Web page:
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Travel Tip: Watch Out for These Travel Scams that Look Like Deals

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Image Credit: Stephanie Ervin

Image Credit: Stephanie Ervin

As we’re nearing summer, it’s time for this year’s parade of travel scams.

The first rule to avoid a travel scam is not to be lured by incredibly low pricing.

If a deal sounds too good to be true, it probably is.

Then consider where the offer comes from. Do you know the seller?

Travel scams usually use name brands and recognizable logos to get your attention.

But they’re often using these without the company’s permission—or even knowledge.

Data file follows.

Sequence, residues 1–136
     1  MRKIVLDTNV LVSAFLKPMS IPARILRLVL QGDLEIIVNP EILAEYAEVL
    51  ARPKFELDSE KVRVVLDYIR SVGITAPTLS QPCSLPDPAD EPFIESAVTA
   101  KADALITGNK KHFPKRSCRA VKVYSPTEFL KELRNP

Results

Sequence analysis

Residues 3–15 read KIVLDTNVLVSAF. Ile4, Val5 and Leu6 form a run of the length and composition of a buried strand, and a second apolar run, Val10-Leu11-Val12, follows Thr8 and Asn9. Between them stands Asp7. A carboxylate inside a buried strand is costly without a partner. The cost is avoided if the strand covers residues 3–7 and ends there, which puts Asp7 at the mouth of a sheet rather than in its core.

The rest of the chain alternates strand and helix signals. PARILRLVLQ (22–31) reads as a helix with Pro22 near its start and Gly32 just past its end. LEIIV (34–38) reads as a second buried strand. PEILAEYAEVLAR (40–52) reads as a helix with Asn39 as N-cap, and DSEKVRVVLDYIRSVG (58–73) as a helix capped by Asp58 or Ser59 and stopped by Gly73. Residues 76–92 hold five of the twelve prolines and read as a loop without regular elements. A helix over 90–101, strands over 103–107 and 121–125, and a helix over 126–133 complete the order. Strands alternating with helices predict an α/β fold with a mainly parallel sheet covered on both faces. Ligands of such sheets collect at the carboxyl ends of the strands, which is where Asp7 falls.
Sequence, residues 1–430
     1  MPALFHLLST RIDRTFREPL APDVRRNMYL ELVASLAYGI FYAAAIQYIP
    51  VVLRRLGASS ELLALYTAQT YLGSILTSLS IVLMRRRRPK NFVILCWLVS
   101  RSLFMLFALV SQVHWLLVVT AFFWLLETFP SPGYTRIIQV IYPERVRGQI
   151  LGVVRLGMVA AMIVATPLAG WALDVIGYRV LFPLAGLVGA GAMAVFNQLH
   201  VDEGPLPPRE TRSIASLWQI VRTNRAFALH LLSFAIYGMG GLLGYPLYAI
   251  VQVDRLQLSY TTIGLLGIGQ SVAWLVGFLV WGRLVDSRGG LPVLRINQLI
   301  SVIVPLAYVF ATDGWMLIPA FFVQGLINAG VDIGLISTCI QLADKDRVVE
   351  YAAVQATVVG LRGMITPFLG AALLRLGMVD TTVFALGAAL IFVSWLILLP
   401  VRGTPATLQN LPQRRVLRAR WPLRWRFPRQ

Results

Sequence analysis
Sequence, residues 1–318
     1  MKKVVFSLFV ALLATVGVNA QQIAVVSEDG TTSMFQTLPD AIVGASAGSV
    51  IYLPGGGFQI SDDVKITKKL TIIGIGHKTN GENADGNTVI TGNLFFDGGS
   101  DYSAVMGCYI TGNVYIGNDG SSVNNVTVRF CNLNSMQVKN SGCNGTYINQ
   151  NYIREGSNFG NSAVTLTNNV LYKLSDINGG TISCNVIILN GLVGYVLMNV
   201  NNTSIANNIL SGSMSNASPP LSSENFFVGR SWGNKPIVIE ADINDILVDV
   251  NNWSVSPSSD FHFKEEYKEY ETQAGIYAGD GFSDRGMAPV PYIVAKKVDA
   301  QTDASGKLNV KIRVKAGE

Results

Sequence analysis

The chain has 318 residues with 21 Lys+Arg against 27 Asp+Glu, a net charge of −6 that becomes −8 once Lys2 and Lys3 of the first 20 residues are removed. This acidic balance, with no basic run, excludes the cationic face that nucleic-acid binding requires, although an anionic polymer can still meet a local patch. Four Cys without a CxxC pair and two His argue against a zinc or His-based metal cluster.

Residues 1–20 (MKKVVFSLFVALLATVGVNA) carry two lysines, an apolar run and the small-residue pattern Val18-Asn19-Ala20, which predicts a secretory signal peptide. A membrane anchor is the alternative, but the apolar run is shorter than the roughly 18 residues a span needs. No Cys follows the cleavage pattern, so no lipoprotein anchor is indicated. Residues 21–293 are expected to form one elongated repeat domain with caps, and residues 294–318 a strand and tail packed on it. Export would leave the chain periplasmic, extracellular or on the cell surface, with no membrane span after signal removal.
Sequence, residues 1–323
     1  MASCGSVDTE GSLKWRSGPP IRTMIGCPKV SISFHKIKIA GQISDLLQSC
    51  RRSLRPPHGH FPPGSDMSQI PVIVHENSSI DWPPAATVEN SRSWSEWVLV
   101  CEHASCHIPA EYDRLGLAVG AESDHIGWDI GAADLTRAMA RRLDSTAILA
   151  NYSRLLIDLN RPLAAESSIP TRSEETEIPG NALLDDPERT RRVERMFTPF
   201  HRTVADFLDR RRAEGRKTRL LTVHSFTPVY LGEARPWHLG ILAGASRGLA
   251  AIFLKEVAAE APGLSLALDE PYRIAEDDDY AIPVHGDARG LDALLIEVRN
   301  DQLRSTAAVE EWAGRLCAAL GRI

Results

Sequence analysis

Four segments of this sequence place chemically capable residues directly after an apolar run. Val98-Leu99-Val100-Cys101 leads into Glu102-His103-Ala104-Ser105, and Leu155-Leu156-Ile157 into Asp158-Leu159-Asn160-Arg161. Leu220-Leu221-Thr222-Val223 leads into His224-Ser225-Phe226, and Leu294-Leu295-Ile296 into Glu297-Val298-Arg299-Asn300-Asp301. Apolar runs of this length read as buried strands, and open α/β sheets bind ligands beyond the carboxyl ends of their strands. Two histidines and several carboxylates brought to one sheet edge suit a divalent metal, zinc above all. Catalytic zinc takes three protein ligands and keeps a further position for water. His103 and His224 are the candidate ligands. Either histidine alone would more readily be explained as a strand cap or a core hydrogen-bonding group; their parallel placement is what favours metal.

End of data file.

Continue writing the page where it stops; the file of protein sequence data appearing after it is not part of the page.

Consider this scam that came across my desk recently.

It was a five-day, four-night vacation offer to Cancun, Hawaii, Jamaica, or the Bahamas.

It was only $149 per person.

The flyer showed the logos of Travelocity, Visa, MasterCard, Disney, and Universal Studios.

It said that kids could stay and eat for free. The rental car was even included. Really?

If you got tempted and called the toll-free number, here’s the real deal: it didn’t include airfare, which you had to book through them.

That would set you back $4,000 for a family of four.

So if you’re ever in doubt, call the companies mentioned in the flyer. I did.

Travelocity, Disney, and Universal had never heard of the deal.

Remember: if it looks too good to be true, it usually is.

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